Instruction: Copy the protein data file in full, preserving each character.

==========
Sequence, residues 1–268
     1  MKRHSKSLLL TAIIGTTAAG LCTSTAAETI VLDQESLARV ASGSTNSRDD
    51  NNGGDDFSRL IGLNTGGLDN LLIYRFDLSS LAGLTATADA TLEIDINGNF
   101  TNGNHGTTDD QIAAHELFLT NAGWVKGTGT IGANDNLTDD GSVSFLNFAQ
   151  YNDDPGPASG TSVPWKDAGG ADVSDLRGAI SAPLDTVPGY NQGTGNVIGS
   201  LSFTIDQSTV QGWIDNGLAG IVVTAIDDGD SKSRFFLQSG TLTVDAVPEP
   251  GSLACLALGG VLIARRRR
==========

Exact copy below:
Sequence, residues 1–268
     1  MKRHSKSLLL TAIIGTTAAG LCTSTAAETI VLDQESLARV ASGSTNSRDD
    51  NNGGDDFSRL IGLNTGGLDN LLIYRFDLSS LAGLTATADA TLEIDINGNF
   101  TNGNHGTTDD QIAAHELFLT NAGWVKGTGT IGANDNLTDD GSVSFLNFAQ
   151  YNDDPGPASG TSVPWKDAGG ADVSDLRGAI SAPLDTVPGY NQGTGNVIGS
   201  LSFTIDQSTV QGWIDNGLAG IVVTAIDDGD SKSRFFLQSG TLTVDAVPEP
   251  GSLACLALGG VLIARRRR